The Eleventh Earl of Sandwich and his forty-year-old heir, Orlando William Montagu, entered the catering trade in 2001, establishing a chain of sandwich restaurants called Earl of Sandwich. Their partner is the guy who founded Planet Hollywood. They have outlets at the Downtown Disney Marketplace and in the Fort Drum Service Plaza, in Okeechobee, Florida. Later this year, they will open branches in New York, one in midtown and another on John Street. Let this be a sort of two-lantern alarm to the Katzes and the Eisenbergs and the Defontes of the city: the Montagus are coming, and, according to their literature, “we don’t serve mere sandwiches. We serve The Sandwich.”…
The family estate is in Dorset, and the Montagus also keep apartments in London. Both father and son employ cooks, but they have strong opinions about sandwich construction, even if the construction of their sandwiches is often subcontracted. Eating lunch with them was like perusing knitwear with the descendants of the Earl of Cardigan, or sitting around with the Wellington family–of which Orlando’s wife is a member — talking rubber boots. “I don’t like everything poured onto a sandwich,” the Earl said. “I like one or two things, but most people like a huge choice nowadays, so we have to accept that,” he said, with the regretful air of a viceroy lamenting the fall of the Raj.
According to the British Sandwich Association — it sponsors such awards as British Sandwich Designer of the Year (there are chicken, chutney, and salmon categories) and New Sandwich of the Year (the shortlist for 2011 includes Pret’s sweet-chili-crayfish-and-mango bloomer and Tesco’s Finest Moroccan-chicken flatbread) –the top three sandwiches in Britain are chicken salad, prawn mayonnaise, and egg and cress. The Earl favors salt beef and Colman’s mustard. (So much for Grey Poupon!) His son is partial to celery salt.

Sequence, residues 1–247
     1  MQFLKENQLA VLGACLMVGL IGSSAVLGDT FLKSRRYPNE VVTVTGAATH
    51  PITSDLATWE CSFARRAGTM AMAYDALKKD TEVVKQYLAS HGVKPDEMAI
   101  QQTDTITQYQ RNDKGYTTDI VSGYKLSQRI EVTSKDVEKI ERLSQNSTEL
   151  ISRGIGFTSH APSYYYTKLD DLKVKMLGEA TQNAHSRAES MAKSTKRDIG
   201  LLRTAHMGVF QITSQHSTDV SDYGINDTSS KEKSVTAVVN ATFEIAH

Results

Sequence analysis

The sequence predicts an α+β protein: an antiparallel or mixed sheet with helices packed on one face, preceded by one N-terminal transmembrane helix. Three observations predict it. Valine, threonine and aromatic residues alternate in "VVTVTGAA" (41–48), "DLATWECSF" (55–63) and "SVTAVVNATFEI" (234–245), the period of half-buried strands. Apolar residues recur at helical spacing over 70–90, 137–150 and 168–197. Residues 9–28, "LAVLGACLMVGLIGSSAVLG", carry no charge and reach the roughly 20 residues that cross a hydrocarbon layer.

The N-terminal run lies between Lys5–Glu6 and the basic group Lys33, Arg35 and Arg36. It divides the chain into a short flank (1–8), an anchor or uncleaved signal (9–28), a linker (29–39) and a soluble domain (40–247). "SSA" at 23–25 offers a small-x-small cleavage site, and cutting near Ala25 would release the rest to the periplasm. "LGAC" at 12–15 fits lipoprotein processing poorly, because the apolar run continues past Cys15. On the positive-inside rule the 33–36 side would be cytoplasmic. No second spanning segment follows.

– Lauren Collins, The New Yorker.
Wow. Wow. Obviously that’s a lot more than I normally excerpt, and forgive me for not including a link: I actually have not seen the full text of the article, merely a pdf excerpt courtesy of real-life friend Rich (Lt. Ret.). The story is online for New Yorker subscribers.
There’s just so much here. First off, the news that the sandwich chain Earl of Sandwich, coming soon to a 52nd St. location just a couple doors down from my office building, is actually affiliated with the legit Earl of Sandwich. Who saw that coming?
Plus, it’s great to hear that the contemporary Earl of Sandwich and his heir are keeping the family tradition alive and have “strong opinions about sandwich construction.” I have strong opinions about sandwich construction! Hey, I have something in common with British nobility! The world just got a little bit smaller.
This site is and has always been about sandwiches for the people and by the people (among other things, of course), and so I cast a leery eye upon weighty sandwich distinctions that seem to reward the designer sandwich set. But it’s hard not to at least appreciate the work being done by the British Sandwich Association — heretofore unknown to me — if not for the actual sandwiches it’s honoring, then for its general enthusiasm for the meal and any effect it might have toward destigmatizing the sandwich as a mere afterthought in the realm of high culinary arts. Not that any of that really matters once you find a good one, of course.
Unfortunately, the Wikipedia tells me that a Sugar Land, Texas Earl of Sandwich franchise is part-owned by noted jackass Roger Clemens, a festering boil on the ass of an otherwise promising sandwich endeavor.